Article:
Nassau County Executive Laura Curran rescinded her decision to have officials from the U.S. Immigration and Customs Enforcement agency who are stationed at the Nassau County Correctional Center moved to the Nassau University Medical Center in East Meadow. They will remain housed in a trailer at the county jail, Curran said, “until we get this right for everyone.”
The announcement came amid a back-and-forth among Curran, lawmakers, union representatives and advocacy groups over where to put six ICE agents who have been posted at the East Meadow jail for 20 years.
On Jan. 15, Curran asked ICE to vacate the premises by Jan. 31, citing a decision by the Appellate Division of State Supreme Court in November that it was illegal for local police to hold inmates longer than their sentences based on civil immigration detainers.
Curran said that removing ICE from the premises would strengthen the county’s community policing model and “eliminate confusion in the immigrant community and demonstrate that inmates are there for crimes.”
She announced that ICE could relocate to NUMC on Jan. 22, but faced backlash from activists. “It’s disgusting. ICE will be where immigrants receive medical help,” said Patrick Young, program director of the Central American Refugee Center. “Immigrants will be afraid to go to the ‘ICE hospital.’ It’s a betrayal to the immigrant community.”
Defending her decision, Curran explained that there had been no deportations made in the history of NUMC. “I was confident the temporary field office’s location was separate and apart from patients and visitors,” she said. “However, I want to ensure that our immigrant community knows they can use NUMC without any worries.”
After speaking with ICE officials, Curran agreed on Jan. 28 to let them stay at the jail as long as they look for a new location away from the visitor’s center, where they are currently housed, she said.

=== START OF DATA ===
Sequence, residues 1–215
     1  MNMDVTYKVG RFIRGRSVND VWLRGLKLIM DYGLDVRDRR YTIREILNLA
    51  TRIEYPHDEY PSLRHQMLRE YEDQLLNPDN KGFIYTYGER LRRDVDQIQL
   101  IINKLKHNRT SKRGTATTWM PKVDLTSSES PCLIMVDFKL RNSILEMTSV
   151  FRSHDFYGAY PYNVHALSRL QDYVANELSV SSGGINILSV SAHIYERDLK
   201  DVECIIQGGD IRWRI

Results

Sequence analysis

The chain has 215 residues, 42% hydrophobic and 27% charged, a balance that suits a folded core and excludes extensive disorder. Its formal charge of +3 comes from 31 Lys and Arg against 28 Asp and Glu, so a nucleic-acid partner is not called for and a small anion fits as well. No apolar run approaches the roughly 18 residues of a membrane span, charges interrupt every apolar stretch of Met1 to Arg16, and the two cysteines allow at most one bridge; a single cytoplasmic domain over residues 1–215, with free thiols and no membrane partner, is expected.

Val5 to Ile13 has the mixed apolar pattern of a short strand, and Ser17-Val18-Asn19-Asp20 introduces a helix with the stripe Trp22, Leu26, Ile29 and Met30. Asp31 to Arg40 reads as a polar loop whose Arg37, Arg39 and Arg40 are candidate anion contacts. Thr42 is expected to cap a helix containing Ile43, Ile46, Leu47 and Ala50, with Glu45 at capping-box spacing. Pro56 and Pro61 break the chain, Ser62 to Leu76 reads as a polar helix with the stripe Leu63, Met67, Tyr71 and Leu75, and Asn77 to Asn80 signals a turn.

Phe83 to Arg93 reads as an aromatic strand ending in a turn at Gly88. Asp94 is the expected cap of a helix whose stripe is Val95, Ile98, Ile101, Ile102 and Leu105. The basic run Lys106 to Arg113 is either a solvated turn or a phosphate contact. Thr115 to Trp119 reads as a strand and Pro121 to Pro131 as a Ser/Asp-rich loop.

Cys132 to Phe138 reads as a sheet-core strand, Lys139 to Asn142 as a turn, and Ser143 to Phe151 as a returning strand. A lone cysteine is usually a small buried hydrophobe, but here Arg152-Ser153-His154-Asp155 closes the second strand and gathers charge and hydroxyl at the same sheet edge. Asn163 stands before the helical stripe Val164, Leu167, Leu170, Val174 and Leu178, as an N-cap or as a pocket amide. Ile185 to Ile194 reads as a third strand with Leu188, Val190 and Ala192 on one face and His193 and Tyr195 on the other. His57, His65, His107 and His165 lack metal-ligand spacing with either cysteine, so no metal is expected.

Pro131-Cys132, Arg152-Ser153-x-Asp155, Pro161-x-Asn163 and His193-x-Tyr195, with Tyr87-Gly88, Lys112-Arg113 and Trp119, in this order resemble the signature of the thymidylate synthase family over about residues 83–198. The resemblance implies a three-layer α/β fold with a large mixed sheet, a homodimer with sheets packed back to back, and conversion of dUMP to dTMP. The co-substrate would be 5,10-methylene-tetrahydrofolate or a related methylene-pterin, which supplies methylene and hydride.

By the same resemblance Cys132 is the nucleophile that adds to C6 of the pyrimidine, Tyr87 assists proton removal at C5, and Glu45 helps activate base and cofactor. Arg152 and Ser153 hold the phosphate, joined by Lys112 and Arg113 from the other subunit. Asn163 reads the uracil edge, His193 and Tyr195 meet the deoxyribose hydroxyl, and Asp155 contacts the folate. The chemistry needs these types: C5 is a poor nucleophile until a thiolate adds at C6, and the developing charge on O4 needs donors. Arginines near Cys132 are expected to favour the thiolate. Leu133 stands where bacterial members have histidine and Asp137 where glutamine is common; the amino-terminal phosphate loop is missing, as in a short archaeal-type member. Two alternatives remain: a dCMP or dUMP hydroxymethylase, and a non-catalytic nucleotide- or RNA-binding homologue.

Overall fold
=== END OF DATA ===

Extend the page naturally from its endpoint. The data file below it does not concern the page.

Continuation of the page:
County Legislator John Ferretti, a Republican whose district includes the jail, and Legislator Thomas McKevitt, a Republican who represents the neighboring area, joined local residents and union leaders outside the correctional center on Jan. 30 for a news conference at which they criticized Curran for wanting to remove ICE from the jail’s premises.
Ferretti said he was relieved that Curran decided against “evicting” ICE for the time being, but said, “I am concerned that she may flip-flop again, thereby endangering local residents.”
McKevitt agreed with Ferretti, and said that residents who live near the jail should have been able to meet with Curran and voice their concerns on the matter before she made any decisions. “The least that the county executive could have done would have been to give homeowners the consideration of sharing her plan and listening to residents prior to undertaking a series of drastic decisions and reversals on this serious issue,” McKevitt said.
Curran called the news conference “pathetic political opportunism with no basis in reality.” “Exploiting divisive rhetoric to spread fear about gang members being released into our streets isn’t just irresponsible,” she said, “it’s an outrageous lie.”
Eliana Fernandez, lead organizer for the advocacy group Make the Road New York, backed Curran’s goal to remove ICE officials from the correctional center and said that having them there “sends the message to Nassau residents that the county is in the business of aiding and abetting deportations that tear apart families — which is precisely the wrong message at a time when there is already heightened fear in immigrant communities.”
Several residents spoke out on the issue at a Jan. 28 meeting of the county’s Public Safety Committee. “We must recognize the fact that since the gang numbers went up, the jail has become more dangerous,” said Helen Meittinis, president of the Community Association of Stewart Avenue.
“What’s wrong with an extra layer of security when you need the security in today’s day and age?” one resident asked. Another, who has lived in the community since 1976, said that he has felt more comfortable with ICE on the premises, because there have been “no immediate threats to students at the high school or immediate area.”
Brian Sullivan, president of the Correction Officers Benevolent Association, said that he doubted ICE’s presence at the jail was ever an issue for the immigrant community. “They are not even visible on the visiting area on the jail property,” he said.
With the final decision on ICE’s location still pending, the Republican lawmakers called on Curran to meet with residents before any action is taken. Curran said that she was willing to consider this, but did not provide further information.